The par 3 12th hole at Augusta National, known as “The Golden Bell,” has played an outsized role in determining the winner of the Masters over the years, highlighting the danger of holes that may appear short on the scorecard but are long on challenge.
Which leads us to a list of Myrtle Beach’s most dangerous par 3s.
● The eighth hole on the Cameron course at Thistle (pictured right) will make the hair on the back of your neck stand up. A 190-yard tee shot (all distances from blue tees or their equivalent) plays uphill to a green surrounded by water and deep bunkers. The prevailing wind is typically in your face and there is little room for bailout, adding to the challenge. Did we mention the green is wide but shallow? Take bogey with a smile.
● Architect Pete Dye has a fearsome reputation and the par 3 14th on his namesake course at Barefoot Resort is reason 1A. Playing 204 yards, when the flag is tucked to the center left of the green, you have to be an outstanding long iron player to even think about par. The green is fronted by seven bunkers and if you come up short, there is a good chance you won’t be able to see the putting surface from the canyon you will be blasting out of. On the bright side, the green is 48 yards deep and there is bailout room to the right. I’ve found the Dye Course to be more player-friendly than Pete’s reputation might suggest, but No. 14 (top photo) will challenge the best of players.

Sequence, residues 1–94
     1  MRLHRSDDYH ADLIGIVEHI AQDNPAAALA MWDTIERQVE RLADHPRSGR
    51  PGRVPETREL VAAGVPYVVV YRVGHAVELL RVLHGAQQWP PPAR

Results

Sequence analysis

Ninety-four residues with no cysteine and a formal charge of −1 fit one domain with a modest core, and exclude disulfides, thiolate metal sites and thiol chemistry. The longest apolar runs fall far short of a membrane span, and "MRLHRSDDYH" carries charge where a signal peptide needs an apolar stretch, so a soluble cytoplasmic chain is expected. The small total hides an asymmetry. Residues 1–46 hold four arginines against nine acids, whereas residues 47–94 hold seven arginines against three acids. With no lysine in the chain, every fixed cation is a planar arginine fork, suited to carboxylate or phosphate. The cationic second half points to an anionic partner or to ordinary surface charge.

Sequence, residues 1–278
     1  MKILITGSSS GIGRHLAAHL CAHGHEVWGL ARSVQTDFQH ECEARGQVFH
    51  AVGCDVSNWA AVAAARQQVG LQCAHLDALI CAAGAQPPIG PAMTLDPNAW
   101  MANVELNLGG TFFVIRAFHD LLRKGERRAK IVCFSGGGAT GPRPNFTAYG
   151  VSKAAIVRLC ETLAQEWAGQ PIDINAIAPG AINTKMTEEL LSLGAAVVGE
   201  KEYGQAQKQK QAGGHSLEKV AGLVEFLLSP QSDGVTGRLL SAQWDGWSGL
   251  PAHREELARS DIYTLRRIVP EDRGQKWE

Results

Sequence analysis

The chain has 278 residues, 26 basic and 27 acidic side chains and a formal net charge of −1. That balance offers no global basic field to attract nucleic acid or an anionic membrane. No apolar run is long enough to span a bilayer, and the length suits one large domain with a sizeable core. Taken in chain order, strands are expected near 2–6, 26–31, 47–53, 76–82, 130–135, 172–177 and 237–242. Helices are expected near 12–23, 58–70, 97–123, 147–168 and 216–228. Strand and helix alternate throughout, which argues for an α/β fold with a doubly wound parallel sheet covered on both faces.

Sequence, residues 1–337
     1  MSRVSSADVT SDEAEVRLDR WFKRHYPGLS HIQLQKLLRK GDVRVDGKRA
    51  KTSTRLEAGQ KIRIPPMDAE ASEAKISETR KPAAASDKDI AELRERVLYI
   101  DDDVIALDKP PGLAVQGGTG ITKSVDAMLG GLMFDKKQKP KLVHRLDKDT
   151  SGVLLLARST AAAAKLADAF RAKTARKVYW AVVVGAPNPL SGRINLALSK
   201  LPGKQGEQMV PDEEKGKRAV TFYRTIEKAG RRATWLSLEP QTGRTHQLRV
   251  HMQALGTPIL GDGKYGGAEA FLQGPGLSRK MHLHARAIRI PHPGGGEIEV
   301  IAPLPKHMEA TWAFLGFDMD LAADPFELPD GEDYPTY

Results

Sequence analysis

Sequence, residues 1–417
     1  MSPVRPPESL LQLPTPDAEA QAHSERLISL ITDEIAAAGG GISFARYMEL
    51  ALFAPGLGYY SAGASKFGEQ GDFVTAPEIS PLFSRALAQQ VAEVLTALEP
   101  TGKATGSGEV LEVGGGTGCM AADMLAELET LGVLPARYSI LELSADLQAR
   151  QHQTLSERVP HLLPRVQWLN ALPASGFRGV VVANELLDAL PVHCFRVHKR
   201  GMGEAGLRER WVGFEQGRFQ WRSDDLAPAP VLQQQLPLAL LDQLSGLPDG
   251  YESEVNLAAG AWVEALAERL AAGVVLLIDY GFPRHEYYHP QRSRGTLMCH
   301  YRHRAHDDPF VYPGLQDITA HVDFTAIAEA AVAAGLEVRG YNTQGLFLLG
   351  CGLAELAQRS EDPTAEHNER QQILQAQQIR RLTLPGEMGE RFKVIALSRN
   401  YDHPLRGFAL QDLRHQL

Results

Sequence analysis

● The Dunes Club is Myrtle Beach’s most acclaimed course and the par 3 12th (pictured below) hole is one of the area’s most daunting. The distance – 175 yards – is far from short and it requires a carry over Singleton Swash almost the entire way. Throw in the often-swirling winds coming off the nearby Atlantic and this is one of Myrtle Beach’s toughest one-shotters.
● Moorland was once ranked among America’s 50 toughest courses by Golf Digest and the 220-yard seventh had to be one of the primary reasons why. Length alone makes this a doozy and if you over swing and pull the ball, water that runs the entirety of the hole’s left side awaits. There is plenty of room to miss right, but even that will leave a delicate recovery. Think of this as a par 3.5.